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  • Anonymous

    Posted December 2, 2006

    Mirette on the High Wire

    This Caldecott Medal Award Winner titled Mirette on the High Wire by Emily Arnold McCully is deserving of a rating of five. This picture book is age appropriate for ages four to eight years. It consists of an inspiring story about a spirited, loving young girl named Mirette. The setting of the story takes place one hundred years ago in Paris. Of course, the protagonist of the story Mirette, which is friendly, brave, and someone that children can relate to and admire for her adventures and bravery. The story often evokes strong emotions like excitement and suspense to maintain the reader`s attention. Mirette, is friendly, brave, and someone that children can relate to and admire for her bravery. The emotional state of the story as a whole is positive with suspense here and there. The characters themselves are obviously dynamic. The plot of this story is about an admirable girl who meets the famous Bellini that was known to have performed amazing, tricks. Mirettes observance of Bellini soon had her fascinated watching him walk steadily on a wire. Mirette, naturally adventurous wanted desperately to be able to walk the wire herself. In fact, the text states: ¿Nothing pleased her more than to overhear the vagabond players tell of their adventures in this town and along the road¿. The theme of this story is to encourage young readers that they will eventually succeed in they¿re goals if they set they¿re mind to it. Readers feel compelled to read the story to see if Mirette accomplishes her goal by walking on the wire. This inspiring, heartwarming book leaves the audience wondering if Mirette succeeds and the adventures she gets caught up in. Surprisingly, the story ends with an unexpected twist. This story is categorized as a fantasy genre since it contained at least one impossible element within the story. McCully, Emily Arnold. Mirette on the High Wire. New York: G.P. Putnam¿s Sons, 1992.

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  • Anonymous

    Posted December 8, 1999

    The Best

    Elizabeth Diggs, Harvey Schmidt, and Tom Jones wrote a musical based on this books. Lyric stage in Irving Texas preformed the play in October of 1999, it starred Ellen Morgan and Leslie Alexander. I helped out on props, it is the best play I have ever seen in my life, read the book it is wonderful.

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  • Anonymous

    Posted April 19, 2001

    Mirette Saves the Day!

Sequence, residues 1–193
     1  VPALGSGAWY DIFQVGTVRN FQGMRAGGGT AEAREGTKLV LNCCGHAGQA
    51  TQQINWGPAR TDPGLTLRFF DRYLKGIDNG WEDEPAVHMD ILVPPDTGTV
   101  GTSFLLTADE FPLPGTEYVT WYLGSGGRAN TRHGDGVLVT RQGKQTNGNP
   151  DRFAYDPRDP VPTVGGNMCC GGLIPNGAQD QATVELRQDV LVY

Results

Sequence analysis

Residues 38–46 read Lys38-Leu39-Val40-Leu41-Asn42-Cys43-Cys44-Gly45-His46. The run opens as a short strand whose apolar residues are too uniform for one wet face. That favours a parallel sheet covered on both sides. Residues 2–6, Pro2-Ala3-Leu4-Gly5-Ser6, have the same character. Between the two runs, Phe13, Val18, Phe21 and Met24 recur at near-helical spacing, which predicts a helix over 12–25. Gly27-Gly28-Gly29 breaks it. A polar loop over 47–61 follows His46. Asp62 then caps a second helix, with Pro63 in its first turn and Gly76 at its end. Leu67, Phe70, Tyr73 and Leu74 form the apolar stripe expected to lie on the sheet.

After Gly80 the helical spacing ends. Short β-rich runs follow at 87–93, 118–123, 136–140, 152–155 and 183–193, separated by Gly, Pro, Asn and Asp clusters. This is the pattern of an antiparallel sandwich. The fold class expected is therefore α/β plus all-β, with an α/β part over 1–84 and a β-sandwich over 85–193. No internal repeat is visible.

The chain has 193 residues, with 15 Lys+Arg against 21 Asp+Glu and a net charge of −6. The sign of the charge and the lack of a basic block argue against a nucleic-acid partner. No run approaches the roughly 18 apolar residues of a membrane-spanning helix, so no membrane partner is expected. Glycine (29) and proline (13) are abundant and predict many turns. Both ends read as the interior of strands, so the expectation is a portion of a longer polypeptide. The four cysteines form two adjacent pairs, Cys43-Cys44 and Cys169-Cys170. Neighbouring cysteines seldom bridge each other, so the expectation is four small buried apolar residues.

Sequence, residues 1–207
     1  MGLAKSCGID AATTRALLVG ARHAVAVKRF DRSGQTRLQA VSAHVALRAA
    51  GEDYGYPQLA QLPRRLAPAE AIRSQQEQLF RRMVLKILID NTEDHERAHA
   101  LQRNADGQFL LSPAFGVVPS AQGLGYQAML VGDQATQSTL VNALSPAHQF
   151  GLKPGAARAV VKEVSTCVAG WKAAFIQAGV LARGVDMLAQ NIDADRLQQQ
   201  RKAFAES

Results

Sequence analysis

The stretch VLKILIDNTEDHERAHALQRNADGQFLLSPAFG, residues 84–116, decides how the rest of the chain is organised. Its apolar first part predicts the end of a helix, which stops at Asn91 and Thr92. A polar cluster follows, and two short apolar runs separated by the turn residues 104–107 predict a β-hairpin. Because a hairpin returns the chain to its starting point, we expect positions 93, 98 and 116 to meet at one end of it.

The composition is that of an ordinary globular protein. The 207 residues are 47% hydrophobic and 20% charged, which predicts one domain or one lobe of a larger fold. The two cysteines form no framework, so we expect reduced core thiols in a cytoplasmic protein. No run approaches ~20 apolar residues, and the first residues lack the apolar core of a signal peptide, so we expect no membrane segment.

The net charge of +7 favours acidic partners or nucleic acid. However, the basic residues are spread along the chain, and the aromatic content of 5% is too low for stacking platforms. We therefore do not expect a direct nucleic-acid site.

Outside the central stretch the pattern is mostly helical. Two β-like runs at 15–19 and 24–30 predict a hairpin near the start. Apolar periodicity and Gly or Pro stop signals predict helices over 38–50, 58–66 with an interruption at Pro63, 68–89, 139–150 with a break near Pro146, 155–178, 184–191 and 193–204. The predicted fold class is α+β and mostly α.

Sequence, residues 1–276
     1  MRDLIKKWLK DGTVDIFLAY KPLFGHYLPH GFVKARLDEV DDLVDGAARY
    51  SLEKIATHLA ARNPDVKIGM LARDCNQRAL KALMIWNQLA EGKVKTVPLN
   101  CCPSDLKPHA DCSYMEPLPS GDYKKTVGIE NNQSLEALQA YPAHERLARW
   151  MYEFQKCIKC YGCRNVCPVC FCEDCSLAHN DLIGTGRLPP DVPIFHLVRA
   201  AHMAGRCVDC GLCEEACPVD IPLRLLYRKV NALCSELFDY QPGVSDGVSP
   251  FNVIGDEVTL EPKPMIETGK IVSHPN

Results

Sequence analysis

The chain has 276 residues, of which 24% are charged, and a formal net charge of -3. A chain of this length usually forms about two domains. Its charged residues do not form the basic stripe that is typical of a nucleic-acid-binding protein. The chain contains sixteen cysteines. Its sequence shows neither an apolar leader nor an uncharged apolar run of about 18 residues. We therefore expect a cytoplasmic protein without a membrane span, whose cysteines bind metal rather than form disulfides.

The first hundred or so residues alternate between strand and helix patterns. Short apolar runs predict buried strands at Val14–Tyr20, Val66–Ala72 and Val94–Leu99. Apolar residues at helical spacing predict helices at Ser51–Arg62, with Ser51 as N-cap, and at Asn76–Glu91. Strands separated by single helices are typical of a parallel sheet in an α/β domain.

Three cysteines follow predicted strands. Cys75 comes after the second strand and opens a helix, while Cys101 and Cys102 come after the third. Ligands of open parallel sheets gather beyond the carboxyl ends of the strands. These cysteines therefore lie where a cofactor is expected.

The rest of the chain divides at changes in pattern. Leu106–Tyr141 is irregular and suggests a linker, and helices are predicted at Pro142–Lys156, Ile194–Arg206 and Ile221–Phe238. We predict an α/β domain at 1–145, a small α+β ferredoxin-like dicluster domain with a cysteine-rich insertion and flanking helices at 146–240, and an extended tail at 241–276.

How many children's books do you know where the girl (rather than a boy or an animal) saves the day by doing something heroic? Relatively few come to my mind. As the parent of two daughters, I was delighted to find this wonderful tale of 19th century entertainment fills that bill. Ms. McCully had originally set out to write a biography of the famous tightrope walker Blondin, when she decided to write this book instead. The Mirette character is based on her own recollections of being a brave girl. This book contains unusually high quality illustrations, even for a Caldecott Medal Winner (as the best illustrated children's book of 1993). The style shares a great deal with Toulouse-Lautrec but is more appealing because there is more subtlety and use of soft pastel shades. You will definitely feel like you've stepped through the looking glass into a world of entertainment in 1890's Paris. The story opens to find Mirette helping her mother keep a boardinghouse for entertainers (traveling players for the theaters and music halls) called Gateau's. 'Acrobats, jugglers, actors, and mimes from as far away as Moscow and New York' stayed and ate there. What a wonderful place for a child! Mirette, unfortunately, had the not so exciting tasks of 'washing linens, chopping leeks, paring potatoes, and mopping floors.' She was 'a good listener, too.' One day, Bellini (a retired high-wire walker) came to stay. 'I am here for a rest.' Soon, he had set up his wire in the back and was practicing. He refused to teach Mirette when she asked to learn. 'Once you start, your feet are never happy again on the ground.' She replied, 'My feet are already unhappy on the ground.' While he was away sometimes she would practice. After weeks of falls and problems, she could go across the whole wire. She showed him. He responded. 'Most give up. But you kept trying. Perhaps you have talent as well.' His key advice: 'Never let your eyes stray.' 'Think only of the wire, and of crossing to the end.' When she says she'll never fall again, he warns her not to boast. Later an agent from Astley's Hippodrome in London comes to Gateau's and recognizes Bellini. The agent recounts some of his many feats including crossing Niagara Falls on a 1000 foot wire in 10 minutes, and cooking an omelet on a stove of live coals on the way back. He had also toasted the crowd with champagne. Bellini had crossed the Alps on another occasion. Further, he had fired a cannon from the wire over the bullring in Barcelona, and crossed a flaming wire blind-folded in Naples. Ah! Oh exciting! There's only one problem: He has lost his 'nerves of an iceberg.' Encouraged by the agent, Bellini plans a comeback. He walks out on the wire and freezes. What next? Mirette saves the day by reaching her hands out to him, and meeting him on the wire. The book's final page shows a poster of Mirette and Bellini saying that they are wire walkers who do 'stupendous feats.' A little girl looks up at the poster. As you can see, this is quite a good story, and works in Mirette's heroism in a natural way. The character development is quite good, and the historical context is interesting. Children often wonder what people did for entertainment before television. As a parent, you may want to make a little addition to the story that, of course, Mirette's mother joined them in traveling around to do the act. Otherwise, this story could be incorrectly construed as encouraging young girls to go traveling around with grown men. The great lesson in this book is focus. Where would that lesson help your child? Where would it help you? Use your focus to live your most positive dreams! Donald Mitchell, co-author of The Irresistible Growth Enterprise and The 2,000 Percent Solution